Russia’s Push to Replace Aussie Coal in China an Empty Threat

March 9, 2021 Updated: March 29, 2021

Russia is planning to exploit trade tensions between Australia and China to move large quantities of its low-quality coal into the Chinese market and the rest of Asia.

Last week, Russian President Vladimir Putin met with industry executives and government officials to discuss plans for drastically increasing coal export to Asia by up to 30 percent, according to a Wood Mackenzie report obtained by The Australian.

Russian President Vladimir Putin (L) meets with employees of the Ural Transport Machine Building Design Bureau during a visit to the UralVagonZavod factory in Nizhny Tagil in the Ural mountains, Russia, on Nov. 25, 2015. (Alexei Nikolsky/Sputnik via AP)
Russian President Vladimir Putin meets with employees of the Ural Transport Machine-Building Design Bureau during a visit to the Ural Vagon Zavod factory in Nizhny Tagil in the Ural mountains, Russia, on Nov. 25, 2015. (Alexei Nikolsky/Sputnik via AP)

The report detailed a plan to increase Russian coal exports to an estimated increase of 34 million tonnes per year by 2024 and comes after Russia announced it would increase its domestic coal production up to 448-530 million tonnes annually until 2024 and up to 485-668 million tonnes annually until 2035 reports ResourceWorld Magazine.

Australian Strategic Policy Institute director Michael Shoebridge believes that Moscow’s plan is of little consequence to Australia’s coal export industry.

“Australian coal, like multiple other natural resources, remains a high quality, high volume, globally competitively priced product, with reliable supply,” Shoebridge told The Epoch Times in an email. “The effects on Australia are likely to be small.”

Shoebridge explained that Australia has an advantage in the coal market partly because of the nature of Australian coal reserves. The advanced mining technologies, also used by Australian resource companies, allow them to continue to supply high-quality products that are also consistently attractive to multiple foreign markets.

Epoch Times Photo
A coal dredger rips coal from the face of the Loy Yang Open Cut coal mine in the Latrobe Valley, 85 miles east of Melbourne. (Paul Crock/AFP/Getty Images)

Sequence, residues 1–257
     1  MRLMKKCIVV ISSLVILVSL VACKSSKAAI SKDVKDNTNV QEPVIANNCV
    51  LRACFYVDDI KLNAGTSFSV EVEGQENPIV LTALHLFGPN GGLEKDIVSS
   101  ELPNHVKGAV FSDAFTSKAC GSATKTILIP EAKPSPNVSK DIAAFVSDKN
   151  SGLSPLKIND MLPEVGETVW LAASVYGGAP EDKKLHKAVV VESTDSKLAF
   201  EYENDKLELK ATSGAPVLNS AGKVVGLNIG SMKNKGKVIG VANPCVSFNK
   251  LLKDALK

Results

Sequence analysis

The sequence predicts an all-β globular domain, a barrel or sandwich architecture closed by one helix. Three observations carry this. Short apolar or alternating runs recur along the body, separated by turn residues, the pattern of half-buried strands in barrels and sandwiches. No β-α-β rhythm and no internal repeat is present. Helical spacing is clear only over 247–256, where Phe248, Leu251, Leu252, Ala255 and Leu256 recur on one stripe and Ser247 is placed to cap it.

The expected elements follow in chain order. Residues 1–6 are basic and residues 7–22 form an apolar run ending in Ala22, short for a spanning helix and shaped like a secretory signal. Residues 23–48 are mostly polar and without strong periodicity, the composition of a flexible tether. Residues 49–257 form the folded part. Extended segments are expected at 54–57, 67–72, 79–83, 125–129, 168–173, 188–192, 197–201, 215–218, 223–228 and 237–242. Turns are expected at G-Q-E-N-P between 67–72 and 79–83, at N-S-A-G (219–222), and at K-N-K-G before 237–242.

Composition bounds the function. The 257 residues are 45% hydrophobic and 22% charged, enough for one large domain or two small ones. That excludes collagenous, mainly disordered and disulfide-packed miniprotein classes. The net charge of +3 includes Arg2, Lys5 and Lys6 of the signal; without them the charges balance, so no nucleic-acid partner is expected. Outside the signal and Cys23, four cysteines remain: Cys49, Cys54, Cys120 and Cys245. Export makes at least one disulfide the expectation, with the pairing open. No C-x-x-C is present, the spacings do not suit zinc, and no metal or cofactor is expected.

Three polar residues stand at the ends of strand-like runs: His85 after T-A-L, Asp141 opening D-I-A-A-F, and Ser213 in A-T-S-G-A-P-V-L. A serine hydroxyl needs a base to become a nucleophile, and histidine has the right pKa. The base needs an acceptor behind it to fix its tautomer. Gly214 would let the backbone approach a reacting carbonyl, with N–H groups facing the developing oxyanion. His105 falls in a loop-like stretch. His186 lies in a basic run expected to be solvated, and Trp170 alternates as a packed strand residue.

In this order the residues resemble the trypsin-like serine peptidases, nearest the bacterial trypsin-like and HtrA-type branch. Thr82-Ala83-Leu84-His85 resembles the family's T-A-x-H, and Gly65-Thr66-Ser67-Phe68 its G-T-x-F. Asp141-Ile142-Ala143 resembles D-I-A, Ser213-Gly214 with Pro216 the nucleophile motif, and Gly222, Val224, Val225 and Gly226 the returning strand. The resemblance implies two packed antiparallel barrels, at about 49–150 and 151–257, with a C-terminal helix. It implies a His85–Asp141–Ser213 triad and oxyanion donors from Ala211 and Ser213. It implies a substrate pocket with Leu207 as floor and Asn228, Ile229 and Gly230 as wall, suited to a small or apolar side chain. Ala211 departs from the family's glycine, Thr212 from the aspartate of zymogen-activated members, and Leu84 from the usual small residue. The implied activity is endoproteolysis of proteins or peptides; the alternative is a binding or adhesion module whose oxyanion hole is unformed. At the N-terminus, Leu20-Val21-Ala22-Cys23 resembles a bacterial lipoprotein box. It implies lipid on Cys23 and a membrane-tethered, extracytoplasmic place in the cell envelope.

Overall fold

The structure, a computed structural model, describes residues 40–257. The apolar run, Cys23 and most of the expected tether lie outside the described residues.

The sentiment is supported by figures from the Australian Bureau of Statistics (ABS), which show that coal exports have stabilised since July of last year at around $3 billion per month.

Most notably, coal exports spiked at just under $3.7 billion in December of last year, which can be attributed to a global-market need for high-quality coal.

“While hard coking coal exports to China have diminished since mid-2020, increased exports to India, Japan and South Korea have offset some of the fall,” a media release by the ABS said.

Australia also has the added advantage of producing coal that does not require extra processing, which can add to the financial and environmental cost of using other coal sources.

University of Melbourne researcher Scott Hamilton, previously Executive Director Renewable Energy for the Victorian Government, believes that the primary issue of coal outside Australia is that it is of low-quality and contains pollutants and contaminents, which create the need for extra processing by the purchaser.

“Australian coal is cleaner coal than from elsewhere,” Hamilton told The Epoch Times on Tuesday.

Low-quality coal contains pollutants such as sulfur, which when burned produces sulfur dioxide—the primary culprit of acid rain and can contain mercury, arsenic, lead, chromium, and other harmful trace elements, as well as microscopic particles classified as “PM10.”

“In terms of Australian coal, because our level is very low in that area [sulfur dioxide], that’s not something that is required,” Hamilton said.

Epoch Times Photo
A coal-powered power plant on the outskirts of Linfen, in China’s Shanxi Province, is seen belching smoke. Linfen is regarded as one of the cities with the worst air pollution in the world. (Peter Parks/AFP/Getty Images)

PM10—or Particle Matter 10—refers to those particles with a diameter of 10 micrometres or less, smaller than the width of a strand of hair. These particles are highly dangerous as they are small enough to be inhaled into the lower regions of the lungs and can lead to respiratory diseases such as cancer, Hamilton said.